facebook
twitter
search
search

Energy efficiency may encourage greater demand

Heightened demand offset roughly a third of the usage reductions achieved by Europe's strengthened efficiency standards, according to new research.
By Brooks Hays   |   Jan. 13, 2016 at 12:41 PM
| License Photo

TILBURG, Netherlands, Jan. 13 (UPI) -- Conserving energy may not be as simple as boosting energy efficiency standards. According to new research by Dutch economist Erdal Aydin, lower energy bills lead to higher demand -- complicating the push to shrink consumption.

The research is Aydin's PhD thesis and yet to be peer-reviewed or published, but the findings follow basic macroeconomic logic.

Aydin, a postdoctoral candidate at Tilburg University, arrived at his conclusions after analyzing the effects of the European Union's two main energy efficiency policies -- strengthened efficiency standards for appliances and home insulation.

To do so, Aydin analyzed energy use in 13 European nations over the course of three decades.

"To that end, I used data on energy consumption and energy efficiency policies in the residential sector in Europe between 1980 and 2009," Aydin said in a press release. "I was able to show that the mandatory energy labels for household appliances as well as the stricter building regulations have led to a decrease in energy consumption."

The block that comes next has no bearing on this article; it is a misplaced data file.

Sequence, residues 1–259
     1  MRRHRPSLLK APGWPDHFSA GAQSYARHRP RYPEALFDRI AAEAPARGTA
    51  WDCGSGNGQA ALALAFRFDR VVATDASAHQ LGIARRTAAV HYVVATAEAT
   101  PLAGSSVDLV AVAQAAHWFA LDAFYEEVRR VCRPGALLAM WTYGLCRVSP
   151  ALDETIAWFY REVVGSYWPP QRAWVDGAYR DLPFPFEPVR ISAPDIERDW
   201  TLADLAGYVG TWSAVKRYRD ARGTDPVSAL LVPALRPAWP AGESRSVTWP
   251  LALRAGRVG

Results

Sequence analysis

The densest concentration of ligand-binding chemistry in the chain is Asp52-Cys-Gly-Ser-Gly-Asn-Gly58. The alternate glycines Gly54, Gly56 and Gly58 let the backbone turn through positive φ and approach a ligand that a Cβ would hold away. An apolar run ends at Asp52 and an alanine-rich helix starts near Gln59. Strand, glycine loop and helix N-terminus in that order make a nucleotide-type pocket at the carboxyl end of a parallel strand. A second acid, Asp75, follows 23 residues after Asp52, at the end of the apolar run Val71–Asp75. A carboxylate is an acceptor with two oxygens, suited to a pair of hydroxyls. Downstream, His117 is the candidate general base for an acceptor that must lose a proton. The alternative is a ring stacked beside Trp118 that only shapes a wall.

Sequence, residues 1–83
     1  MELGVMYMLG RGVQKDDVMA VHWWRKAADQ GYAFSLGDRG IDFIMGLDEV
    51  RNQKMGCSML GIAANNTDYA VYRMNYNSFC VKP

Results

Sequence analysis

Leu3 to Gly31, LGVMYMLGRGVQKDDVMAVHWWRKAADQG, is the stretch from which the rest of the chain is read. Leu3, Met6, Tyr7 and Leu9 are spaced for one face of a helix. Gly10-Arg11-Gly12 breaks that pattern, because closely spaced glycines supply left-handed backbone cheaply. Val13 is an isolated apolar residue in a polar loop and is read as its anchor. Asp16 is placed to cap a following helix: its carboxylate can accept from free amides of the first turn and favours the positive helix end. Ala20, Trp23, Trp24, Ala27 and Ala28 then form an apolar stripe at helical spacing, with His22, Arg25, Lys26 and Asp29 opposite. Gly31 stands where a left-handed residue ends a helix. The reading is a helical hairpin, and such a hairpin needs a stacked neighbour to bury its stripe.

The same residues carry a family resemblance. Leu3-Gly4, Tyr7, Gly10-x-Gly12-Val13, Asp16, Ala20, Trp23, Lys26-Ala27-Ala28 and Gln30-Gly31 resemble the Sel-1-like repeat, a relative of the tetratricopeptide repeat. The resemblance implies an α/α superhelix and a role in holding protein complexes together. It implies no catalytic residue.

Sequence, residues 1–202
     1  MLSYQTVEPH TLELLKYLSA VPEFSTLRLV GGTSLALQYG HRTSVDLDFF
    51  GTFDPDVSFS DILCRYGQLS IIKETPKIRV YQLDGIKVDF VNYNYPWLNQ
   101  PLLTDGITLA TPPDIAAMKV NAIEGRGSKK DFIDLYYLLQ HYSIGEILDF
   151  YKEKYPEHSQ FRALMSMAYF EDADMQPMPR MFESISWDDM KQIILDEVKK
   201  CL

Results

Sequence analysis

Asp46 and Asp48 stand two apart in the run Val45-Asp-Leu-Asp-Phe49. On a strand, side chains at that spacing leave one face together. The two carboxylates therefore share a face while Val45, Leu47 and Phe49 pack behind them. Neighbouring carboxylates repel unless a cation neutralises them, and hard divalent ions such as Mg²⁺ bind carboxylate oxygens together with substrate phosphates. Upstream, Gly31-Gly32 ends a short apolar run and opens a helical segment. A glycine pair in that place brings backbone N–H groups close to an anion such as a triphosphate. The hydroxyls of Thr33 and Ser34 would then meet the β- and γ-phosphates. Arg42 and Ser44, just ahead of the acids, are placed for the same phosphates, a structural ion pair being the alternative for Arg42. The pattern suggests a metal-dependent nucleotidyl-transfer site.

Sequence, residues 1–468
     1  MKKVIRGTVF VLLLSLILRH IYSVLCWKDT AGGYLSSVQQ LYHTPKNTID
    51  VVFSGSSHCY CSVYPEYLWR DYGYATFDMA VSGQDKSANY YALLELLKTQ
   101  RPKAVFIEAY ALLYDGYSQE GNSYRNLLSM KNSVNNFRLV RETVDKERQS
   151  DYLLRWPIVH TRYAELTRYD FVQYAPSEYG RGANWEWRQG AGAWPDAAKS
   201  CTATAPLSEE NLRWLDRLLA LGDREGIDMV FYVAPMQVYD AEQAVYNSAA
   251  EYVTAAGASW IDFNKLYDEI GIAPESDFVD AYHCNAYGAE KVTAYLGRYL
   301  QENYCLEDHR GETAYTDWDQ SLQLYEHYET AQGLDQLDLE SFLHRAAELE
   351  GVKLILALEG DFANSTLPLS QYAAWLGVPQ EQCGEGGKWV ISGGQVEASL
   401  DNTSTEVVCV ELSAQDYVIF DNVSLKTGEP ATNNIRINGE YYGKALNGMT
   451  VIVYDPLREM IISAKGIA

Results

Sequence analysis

But consumption is different than demand.

Further analysis revealed a phenomenon known as the rebound effect, whereby people use their energy efficient appliances more often or turn the thermostat in their newly insulated home up higher -- thus, offsetting energy efficiency gains.

In surveying energy-use behaviors among Dutch homeowners and apartment-renters, Aydin found a strong rebound effect, offsetting roughly a third of the usage reductions achieved by strengthened efficiency standards.

"Homeowners are more economical than people who are renting," Aydin pointed out. "Homeowners showed a rebound effect of 26.7 percent; for tenants, it was 41.3 percent."

"The rebound effect is larger for low incomes than for high incomes," he added. "Moreover, this effect is larger in households whose energy consumption was above average to start with."

Aydin hopes his work will be used to more accurately predict the effects of new energy policies.

Related UPI Stories
Latest Headlines